US says open to receiving imprisoned protestors and dissidents

20th March 2023

Speculation is growing in the US that some imprisoned Cuban protestors and dissidents may soon be released, possibly into exile, leading to an easing in relations with the US.

Reports from well-placed US NGOs and in mainstream media outlets including CNN, suggest that negotiations to this end continue. They cite the recent visit to Havana by the Papal Envoy, Cardinal Benjamin Stella, the comments he made following a meeting with President Diaz-Canel (Cuba Briefing 13 February 2023), the actions of European diplomats in Havana, and a recent speech made by the US Assistant Secretary of State for Western Hemisphere Affairs, Brian Nichols.

Speaking on 14 March at Florida International University (FIU) in Miami, Assistant Secretary Nichols indicated that the Biden Administration is open to the possibility of accepting Cubans currently imprisoned in Cuba.

Although saying nothing about the negotiations fostered by the Vatican, he noted that US officials continue to seek the release of political prisoners both publicly and privately in exchanges with Cuban officials. “If they want to come to the United States, we will explore the avenues available under US law to welcome them,” Nichols said, noting the large numbers of individuals imprisoned for their involvement in the 11/12 July 2021 street protests, and the contact the US Embassy in Havana has had with them and with  dissidents.

Separately, European diplomats in Havana indicate that they are preparing to issue humanitarian visas to any Cubans who may be released by the government and leave the island for exile abroad. Civil society organizations suggests that following the protest some 670 individuals were sentenced and over 1,500 detained. Cuba says the number involved is about 800, however the trials have remained closed, and in some cases very long sentences have been imposed.

The position of the Cuban government however remains unclear with the Minister of Justice, Oscar Silvera, reportedly having suggested to EU diplomats earlier this year that while amnesty is not legally possible in Cuba their request for pardons had been noted. Meanwhile, speculation continues as to whether any decision would be linked to exile, whether encouraged or forced, for those who might be freed.

In his remarks Nichols made clear that the US strongly opposes forced exile.  “The United States will not turn its back on political prisoners, and if they want to come to the United States, we will explore the avenues available under US law to welcome them,” he told those attending his address.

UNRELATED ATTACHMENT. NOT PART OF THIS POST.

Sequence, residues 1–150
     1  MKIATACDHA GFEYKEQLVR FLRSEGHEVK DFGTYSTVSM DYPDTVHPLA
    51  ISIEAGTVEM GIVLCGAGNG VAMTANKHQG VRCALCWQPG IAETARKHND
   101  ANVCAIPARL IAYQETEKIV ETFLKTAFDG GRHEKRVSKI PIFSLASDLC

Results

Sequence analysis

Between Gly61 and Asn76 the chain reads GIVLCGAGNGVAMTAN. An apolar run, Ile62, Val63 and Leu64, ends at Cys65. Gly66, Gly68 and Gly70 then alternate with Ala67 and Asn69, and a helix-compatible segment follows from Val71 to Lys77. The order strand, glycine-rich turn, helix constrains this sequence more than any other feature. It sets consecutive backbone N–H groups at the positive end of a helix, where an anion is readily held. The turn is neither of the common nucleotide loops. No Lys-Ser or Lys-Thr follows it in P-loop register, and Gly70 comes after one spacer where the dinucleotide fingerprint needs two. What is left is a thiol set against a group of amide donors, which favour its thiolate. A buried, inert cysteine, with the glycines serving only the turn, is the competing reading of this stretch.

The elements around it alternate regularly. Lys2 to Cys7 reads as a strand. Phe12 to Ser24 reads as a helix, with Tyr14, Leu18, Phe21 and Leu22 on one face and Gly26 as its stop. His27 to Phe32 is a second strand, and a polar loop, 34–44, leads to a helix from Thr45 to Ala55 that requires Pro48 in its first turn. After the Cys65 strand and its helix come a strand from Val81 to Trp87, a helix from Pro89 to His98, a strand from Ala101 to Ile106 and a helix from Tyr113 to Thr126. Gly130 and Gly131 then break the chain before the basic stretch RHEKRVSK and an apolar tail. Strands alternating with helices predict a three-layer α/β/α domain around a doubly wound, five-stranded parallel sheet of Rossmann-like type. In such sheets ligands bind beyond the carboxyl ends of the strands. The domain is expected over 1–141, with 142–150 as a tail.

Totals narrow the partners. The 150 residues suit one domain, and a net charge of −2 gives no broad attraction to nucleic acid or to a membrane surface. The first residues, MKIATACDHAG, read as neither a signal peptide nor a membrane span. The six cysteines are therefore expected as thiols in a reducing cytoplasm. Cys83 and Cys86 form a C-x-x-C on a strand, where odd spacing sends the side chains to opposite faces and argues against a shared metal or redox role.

In remarks largely aimed at explaining Washington’s Cuba policy to the Cuban-American community, Nichols said that in its dialogue with Cuba, “we always emphasise that the Cuban people must be able to choose where to live and the government must allow its citizens to return to Cuba.”

In February, Benjamin Ziff, Chargé d’Affaires of the U.S. Embassy in Havana, stated that Cuba’s government’s imprisonment of protesters and dissidents “is the most serious obstacle to any improvement in the bilateral relationship” (Cuba Briefing 13 February 2023).

More generally in his address, Nichols sought to outline two key aspects of the present US Administration’s policy.  The first, he said, is to “promote accountability for human rights abuses,” and the second is to “explore meaningful ways to support the Cuban people while limiting benefits to the Cuban regime.”

Speaking about new policies he said that the Biden Administration was “exploring the expansion of access to services hosted in the cloud and other development tools for the Cuban people.” These tools, he told those attending, “will help activists and civil society to connect with each other and facilitate the flow of information inside and outside the Island. They will also help the Cuban people to access more services, including those that circumvent censorship.”

Nichols observed that “the economic situation is worse than even the so-called Special Period of the 1990s and the human rights situation is bleaker than it has been in decades.” He was also critical of the high rates of inflation facing Cubans and the shortages of food, medicine, and electricity.

“The Cuban government is quick to blame others for its economic ills without acknowledging the decades of mismanagement that led to the current crisis,” he said, noting Havana’s tendency to blame everything on the US embargo “ which Havana waves like a flag to justify all its failures.” 

“We continue to ask the Cuban government to implement economic policies that improve the country’s situation, such as greater freedom for private sector agents and much-needed agricultural reforms,” Nichols said.

Nichols also spoke about other aspects of the Administration’s Cuba policy, indicating that approximately 10,000 Cubans “from all walks of life” have successfully used the new US parole programme introduced in January this year. Since implementation he said, “the number of Cuban migrants attempting a dangerous irregular migration has plummeted.”

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